With the lid clamped shut on her secret, Gilbert started Save the Date in 1994 and ran it alone for two years. “I was at my desk every day at 7 a.m., and I was out every night until 2—with clients, working the spaces, talking to the managers.” Her recession-proof business model was practically an overnight success, so she soon had seven employees, all women in their mid-20s. Having no previous management experience, Gilbert felt insecure and gravitated toward a brusque style. Her laser focus meant she often skipped saying hello in the morning before rattling off questions and commands. “I felt like my fingers were in a dam, and if I let one emotion out in front of them, the whole dam would break.”
That began to change in 1998, after she won Ernst & Young’s “Entrepreneur of the Year” award. Standing onstage in front of 1,500 people, Gilbert saw her parents and employees, and it struck her that she was not alone: “I realized that these women wake up every day and come to work for me. I needed to come clean.” After that, she held the company’s first off-site meeting and finally discussed the attack with her employees.
Today her team describes a different Jennifer, one who’s both hard and soft, business-minded and sensitive to their needs. “The environment she creates is pro-women,” says event planner Ariana Stecker, who joined Save the Date last year as senior vice president for operations and business development.
The Healing Process
Rebounding from depression and rediscovering joy came in stages for Gilbert, now 45. “It was kind of like shedding layers. Through a lot of these weddings, parties and other happy events that I did, I started to think, When is it going to be my turn? That helped me…. ” In 2002, she married and now has a 9-year-old daughter and 5-year-old twin boys.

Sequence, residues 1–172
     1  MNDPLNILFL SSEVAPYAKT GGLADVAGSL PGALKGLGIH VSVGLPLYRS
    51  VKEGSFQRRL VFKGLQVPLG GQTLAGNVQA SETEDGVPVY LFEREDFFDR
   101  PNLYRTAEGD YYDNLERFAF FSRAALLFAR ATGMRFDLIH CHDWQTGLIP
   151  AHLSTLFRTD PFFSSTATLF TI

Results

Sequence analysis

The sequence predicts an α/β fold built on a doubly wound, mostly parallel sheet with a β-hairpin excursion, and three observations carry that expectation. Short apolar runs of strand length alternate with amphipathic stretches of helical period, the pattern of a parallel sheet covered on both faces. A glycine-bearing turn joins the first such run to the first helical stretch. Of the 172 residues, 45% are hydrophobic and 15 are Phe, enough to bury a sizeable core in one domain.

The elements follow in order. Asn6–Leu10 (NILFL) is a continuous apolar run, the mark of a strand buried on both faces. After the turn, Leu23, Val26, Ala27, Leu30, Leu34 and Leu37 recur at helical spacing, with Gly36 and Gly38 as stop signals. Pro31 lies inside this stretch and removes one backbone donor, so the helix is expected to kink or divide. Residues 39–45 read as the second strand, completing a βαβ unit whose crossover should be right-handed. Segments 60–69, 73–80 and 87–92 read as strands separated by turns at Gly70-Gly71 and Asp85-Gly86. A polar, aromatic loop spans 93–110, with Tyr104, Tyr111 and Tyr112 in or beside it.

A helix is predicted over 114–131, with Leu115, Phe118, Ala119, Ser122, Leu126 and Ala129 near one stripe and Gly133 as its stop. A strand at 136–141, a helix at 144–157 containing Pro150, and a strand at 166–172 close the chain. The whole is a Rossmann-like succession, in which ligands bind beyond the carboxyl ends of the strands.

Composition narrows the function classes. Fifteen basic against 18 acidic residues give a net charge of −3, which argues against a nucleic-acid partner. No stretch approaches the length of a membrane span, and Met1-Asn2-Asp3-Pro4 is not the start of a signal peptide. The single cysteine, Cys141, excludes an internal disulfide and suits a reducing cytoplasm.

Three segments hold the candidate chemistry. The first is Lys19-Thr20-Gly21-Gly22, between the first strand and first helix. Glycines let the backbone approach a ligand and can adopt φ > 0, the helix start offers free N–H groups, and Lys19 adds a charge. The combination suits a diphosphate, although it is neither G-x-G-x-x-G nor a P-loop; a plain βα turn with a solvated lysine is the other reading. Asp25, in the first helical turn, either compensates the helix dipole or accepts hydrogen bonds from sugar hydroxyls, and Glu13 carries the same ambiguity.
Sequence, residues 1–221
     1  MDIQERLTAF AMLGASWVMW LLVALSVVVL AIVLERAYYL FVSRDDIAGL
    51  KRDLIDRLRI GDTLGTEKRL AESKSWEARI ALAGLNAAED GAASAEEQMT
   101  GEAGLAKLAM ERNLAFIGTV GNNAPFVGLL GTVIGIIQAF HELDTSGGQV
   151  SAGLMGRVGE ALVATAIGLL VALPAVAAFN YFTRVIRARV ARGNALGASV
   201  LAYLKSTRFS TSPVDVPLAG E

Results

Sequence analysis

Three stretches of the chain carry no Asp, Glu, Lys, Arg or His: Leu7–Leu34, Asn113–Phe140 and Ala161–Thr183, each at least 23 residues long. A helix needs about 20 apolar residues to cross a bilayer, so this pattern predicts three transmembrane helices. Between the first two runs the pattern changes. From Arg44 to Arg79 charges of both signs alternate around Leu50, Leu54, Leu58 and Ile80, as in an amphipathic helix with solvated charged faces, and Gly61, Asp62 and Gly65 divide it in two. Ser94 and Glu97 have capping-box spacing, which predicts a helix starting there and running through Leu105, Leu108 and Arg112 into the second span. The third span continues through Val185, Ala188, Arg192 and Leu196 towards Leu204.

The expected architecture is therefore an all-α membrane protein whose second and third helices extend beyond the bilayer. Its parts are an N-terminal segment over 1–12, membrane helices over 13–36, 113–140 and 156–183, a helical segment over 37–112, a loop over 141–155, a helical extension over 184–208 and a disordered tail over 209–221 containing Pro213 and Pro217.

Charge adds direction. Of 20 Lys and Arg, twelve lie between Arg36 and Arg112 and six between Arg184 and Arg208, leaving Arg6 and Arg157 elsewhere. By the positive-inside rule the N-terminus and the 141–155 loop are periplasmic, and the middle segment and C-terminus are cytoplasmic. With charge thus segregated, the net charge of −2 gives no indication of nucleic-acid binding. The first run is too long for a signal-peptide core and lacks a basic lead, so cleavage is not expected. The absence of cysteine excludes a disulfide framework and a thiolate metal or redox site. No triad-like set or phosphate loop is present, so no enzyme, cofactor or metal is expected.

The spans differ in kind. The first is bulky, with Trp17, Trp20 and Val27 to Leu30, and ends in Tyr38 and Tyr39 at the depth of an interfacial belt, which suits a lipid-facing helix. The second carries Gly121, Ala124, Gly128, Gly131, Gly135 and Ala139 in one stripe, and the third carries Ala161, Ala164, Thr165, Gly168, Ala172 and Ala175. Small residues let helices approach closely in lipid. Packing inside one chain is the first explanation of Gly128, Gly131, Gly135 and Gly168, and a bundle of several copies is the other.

But the attack’s emotional scars resurfaced a few years ago. Gilbert had difficulty coping with her son Grey’s alopecia, an otherwise harmless condition that made his hair fall out. Her daughter, then 5, tearfully confessed she had broken the “rules” by talking about Grey’s hair loss. Gilbert realized she was repeating the mistakes her family had made after her attack, so she held a family meeting on the spot to say that talking about Grey’s condition was not taboo. At that moment, she experienced an epiphany: “We cannot control the things that may happen to us in life, but we can decide who we want to be afterward.”
To fully let go, Gilbert went public with her story. Publishing her memoir exposed her secrets in uncomfortable ways. Gilbert had to tell people she had known for years that there was something, a big something, they didn’t know about her. But the book also provided a platform for her to inspire young female entrepreneurs—sometimes women overcoming traumas similar to hers—over a cup of coffee or at speaking events such as Fordham University’s Women in Business Leadership Day and the TEDxWomen conference at Barnard College.
She has plenty of knowledge to share.
Berman says Gilbert’s resilience, drive and intellectual curiosity made her a survivor rather than a victim: “She used the experience to really push herself farther and gain a new lease on life.”
And Gilbert’s take: “We’re not curing cancer and it’s not brain surgery, but we’re around people celebrating at the end of the day. We create joy, and that’s beautiful.”